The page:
The issue pits the powerful and conservative Catholic establishment, which says contraceptives are as sinful as abortions, against reformers who want more openness about condoms and other birth control in the impoverished Southeast Asian nation to slow population growth and help prevent disease.

The reproductive health bill introduced Tuesday in the House of Representatives would require the government to provide information on family planning methods, make contraceptives available free of charge and introduce reproductive health and sexuality classes in schools.

President Benigno Aquino III, still widely popular a year after a landslide election victory, has backed artificial birth control even if it means going against the dominant Catholic church. He said last month he was ready to face the consequences and if necessary risk excommunication.

“I have been taught in school, which was a Catholic institution, that the final arbiter really is our conscience,” Aquino told reporters Wednesday. “We are not looking for a fight with the church. This is on the record. I have invited them many times so that we can have discussions, and we have focused on areas where we can agree on.”

Supporters believe the measure will slow the Philippines’ rapid population growth that some believe contributes to the country’s crushing poverty. About a third of the country’s 94 million people live on $1 a day.

Church leaders have lashed out at Arroyo and mobilized a formidable public campaign to defeat the bill, with some bishops threatening to launch civil disobedience protests.

The World Health Organization says condoms are highly effective in preventing HIV/AIDS. About 1.4 million people are infected in the Asia-Pacific region, more than double the number 10 years ago.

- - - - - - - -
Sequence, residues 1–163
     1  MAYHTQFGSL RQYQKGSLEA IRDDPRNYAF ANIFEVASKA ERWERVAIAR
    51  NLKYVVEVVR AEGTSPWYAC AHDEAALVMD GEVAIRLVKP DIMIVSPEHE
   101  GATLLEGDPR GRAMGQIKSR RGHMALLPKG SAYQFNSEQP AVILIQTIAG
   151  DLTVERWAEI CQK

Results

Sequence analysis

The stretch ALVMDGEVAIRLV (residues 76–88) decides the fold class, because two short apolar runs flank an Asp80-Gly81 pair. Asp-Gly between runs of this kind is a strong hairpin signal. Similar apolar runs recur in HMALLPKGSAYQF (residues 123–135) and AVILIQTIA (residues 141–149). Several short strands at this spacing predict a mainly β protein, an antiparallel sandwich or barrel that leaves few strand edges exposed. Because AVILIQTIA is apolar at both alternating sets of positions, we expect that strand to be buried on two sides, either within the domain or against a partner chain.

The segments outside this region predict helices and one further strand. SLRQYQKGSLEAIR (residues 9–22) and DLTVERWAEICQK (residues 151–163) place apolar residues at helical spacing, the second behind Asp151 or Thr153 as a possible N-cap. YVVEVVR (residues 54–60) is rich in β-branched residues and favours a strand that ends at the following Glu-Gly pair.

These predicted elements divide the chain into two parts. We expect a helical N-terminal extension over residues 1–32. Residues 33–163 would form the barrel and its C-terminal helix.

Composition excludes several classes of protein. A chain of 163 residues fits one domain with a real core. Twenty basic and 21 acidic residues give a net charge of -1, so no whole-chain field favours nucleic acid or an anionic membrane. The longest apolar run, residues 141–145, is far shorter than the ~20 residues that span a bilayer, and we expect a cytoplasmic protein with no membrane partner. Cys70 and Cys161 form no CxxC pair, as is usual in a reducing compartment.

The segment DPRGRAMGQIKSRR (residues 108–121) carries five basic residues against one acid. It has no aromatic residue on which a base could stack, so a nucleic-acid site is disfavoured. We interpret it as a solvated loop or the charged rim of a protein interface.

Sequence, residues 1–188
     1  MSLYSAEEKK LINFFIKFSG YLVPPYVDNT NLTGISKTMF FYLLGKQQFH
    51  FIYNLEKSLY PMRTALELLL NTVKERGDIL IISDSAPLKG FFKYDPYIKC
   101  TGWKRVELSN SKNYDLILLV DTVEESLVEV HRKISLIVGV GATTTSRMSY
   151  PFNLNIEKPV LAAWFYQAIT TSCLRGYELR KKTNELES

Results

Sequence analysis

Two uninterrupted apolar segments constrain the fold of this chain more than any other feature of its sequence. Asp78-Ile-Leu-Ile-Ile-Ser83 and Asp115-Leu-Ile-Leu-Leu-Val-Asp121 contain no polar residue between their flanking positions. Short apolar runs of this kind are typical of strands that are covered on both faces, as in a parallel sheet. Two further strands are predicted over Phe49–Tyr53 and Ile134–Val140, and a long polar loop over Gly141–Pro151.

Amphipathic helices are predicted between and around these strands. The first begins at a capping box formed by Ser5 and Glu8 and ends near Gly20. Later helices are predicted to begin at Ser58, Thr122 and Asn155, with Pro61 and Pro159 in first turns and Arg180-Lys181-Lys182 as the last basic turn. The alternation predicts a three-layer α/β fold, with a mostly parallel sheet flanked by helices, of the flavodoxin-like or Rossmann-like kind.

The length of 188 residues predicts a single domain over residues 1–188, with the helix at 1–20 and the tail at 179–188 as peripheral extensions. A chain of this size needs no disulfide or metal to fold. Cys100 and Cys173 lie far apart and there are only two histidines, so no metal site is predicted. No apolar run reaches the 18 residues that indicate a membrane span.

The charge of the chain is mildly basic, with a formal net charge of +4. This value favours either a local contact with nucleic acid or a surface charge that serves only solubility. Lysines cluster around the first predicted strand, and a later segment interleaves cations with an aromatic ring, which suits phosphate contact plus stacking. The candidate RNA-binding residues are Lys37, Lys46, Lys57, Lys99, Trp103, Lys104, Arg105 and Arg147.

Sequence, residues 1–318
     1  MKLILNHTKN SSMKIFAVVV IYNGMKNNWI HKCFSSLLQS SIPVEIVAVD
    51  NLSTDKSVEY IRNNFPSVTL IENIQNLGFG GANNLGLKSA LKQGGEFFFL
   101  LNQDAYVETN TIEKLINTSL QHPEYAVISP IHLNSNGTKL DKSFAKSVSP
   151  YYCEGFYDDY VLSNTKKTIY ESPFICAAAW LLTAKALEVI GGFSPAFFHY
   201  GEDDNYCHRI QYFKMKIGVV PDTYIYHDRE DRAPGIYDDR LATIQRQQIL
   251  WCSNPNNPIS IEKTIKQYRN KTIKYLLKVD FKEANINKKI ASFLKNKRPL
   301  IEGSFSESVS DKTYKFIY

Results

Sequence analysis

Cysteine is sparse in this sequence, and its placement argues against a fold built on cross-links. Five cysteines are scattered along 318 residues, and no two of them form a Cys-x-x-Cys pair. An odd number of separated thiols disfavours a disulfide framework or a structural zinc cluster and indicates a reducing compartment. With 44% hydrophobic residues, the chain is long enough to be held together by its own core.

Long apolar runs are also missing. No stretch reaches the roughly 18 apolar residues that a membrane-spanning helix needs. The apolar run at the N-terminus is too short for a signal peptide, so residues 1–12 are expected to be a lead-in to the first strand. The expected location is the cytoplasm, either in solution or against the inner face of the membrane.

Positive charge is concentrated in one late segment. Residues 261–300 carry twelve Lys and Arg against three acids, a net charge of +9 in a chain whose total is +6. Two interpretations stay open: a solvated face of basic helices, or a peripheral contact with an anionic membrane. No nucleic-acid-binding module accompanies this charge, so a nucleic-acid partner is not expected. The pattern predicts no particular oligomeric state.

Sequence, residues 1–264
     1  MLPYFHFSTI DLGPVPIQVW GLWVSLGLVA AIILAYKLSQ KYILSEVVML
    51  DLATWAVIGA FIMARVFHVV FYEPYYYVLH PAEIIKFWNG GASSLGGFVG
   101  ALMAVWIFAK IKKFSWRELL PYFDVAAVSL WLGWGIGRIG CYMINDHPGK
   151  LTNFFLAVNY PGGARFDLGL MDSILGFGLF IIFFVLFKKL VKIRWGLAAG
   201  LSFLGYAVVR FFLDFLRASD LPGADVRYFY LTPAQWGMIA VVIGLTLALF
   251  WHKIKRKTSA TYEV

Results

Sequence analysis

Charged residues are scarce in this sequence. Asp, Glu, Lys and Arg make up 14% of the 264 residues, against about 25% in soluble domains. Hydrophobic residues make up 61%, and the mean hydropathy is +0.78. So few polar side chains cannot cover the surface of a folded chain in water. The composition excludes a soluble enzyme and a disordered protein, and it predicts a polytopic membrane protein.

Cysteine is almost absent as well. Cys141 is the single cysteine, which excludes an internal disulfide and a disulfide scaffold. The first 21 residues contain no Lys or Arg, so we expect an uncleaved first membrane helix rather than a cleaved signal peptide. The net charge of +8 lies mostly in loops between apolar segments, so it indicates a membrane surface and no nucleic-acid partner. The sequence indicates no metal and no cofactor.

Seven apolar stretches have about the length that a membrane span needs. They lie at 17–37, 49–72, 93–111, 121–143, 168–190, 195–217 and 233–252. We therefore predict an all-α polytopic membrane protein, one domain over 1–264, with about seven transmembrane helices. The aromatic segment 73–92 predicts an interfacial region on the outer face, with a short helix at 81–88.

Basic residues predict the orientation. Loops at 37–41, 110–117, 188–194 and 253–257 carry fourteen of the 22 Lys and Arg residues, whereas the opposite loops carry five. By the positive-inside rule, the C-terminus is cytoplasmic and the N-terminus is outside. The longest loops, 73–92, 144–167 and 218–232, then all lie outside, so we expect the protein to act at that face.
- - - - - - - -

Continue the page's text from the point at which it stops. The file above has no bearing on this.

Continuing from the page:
Condoms also are a protection against unwanted pregnancies while abortion remains illegal in the Philippines. Women are left with little choice other than back-alley clinics, where an estimated 560,000 of them seek abortions involving crude and painful methods every year, according to a report by the New York-based Center for Reproductive Rights.

About 90,000 women in the Philippines suffer from abortion complications and an estimated 1,000 die each year, said the report, published last year.

Influential bishops have blocked family planning bills in the past by arguing that they would erode moral values and encourage promiscuity and early pregnancies.

“Sex is not a game that should be taught to children along with the use of condoms supposedly to avoid disease,” Manila Archbishop Gaudencio Rosales told a crowd of 40,000 people assembled in the capital two moths ago in one of the biggest such rallies yet.

Instead, he called for abstinence.

One of bill’s opponents is the Philippine boxing star, Rep. Manny Pacquiao. He said he never would have been born, and never have become an international champion, if his parents practiced birth control.

“God said go forth and multiply. He did not say go and have just one or two children,” Pacquiao said Tuesday after meeting with the Catholic Bishops’ Conference of the Philippines.

Sen. Miriam Defensor-Santiago, who is in favor of the bill, called Pacquiao a “fundamentalist” and said he was interpreting the Bible literally.

Rep. Edcel Lagman, one of the bill’s main proponents, said the opposition mainly comes from the church hierarchy, not from ordinary citizens of the predominantly Roman Catholic nation.

Independent opinion polls in the last several years have showed strong public support for the measure.


IRIN – humanitarian news and analysis

a service of the UN Office for the Coordination of Humanitarian Affairs

MANILA, 13 April 2011 (IRIN) – The growing number of villages seeking to outlaw the sale of condoms, birth control pills and other artificial forms of contraception without a prescription is worrying government officials and women’s rights groups.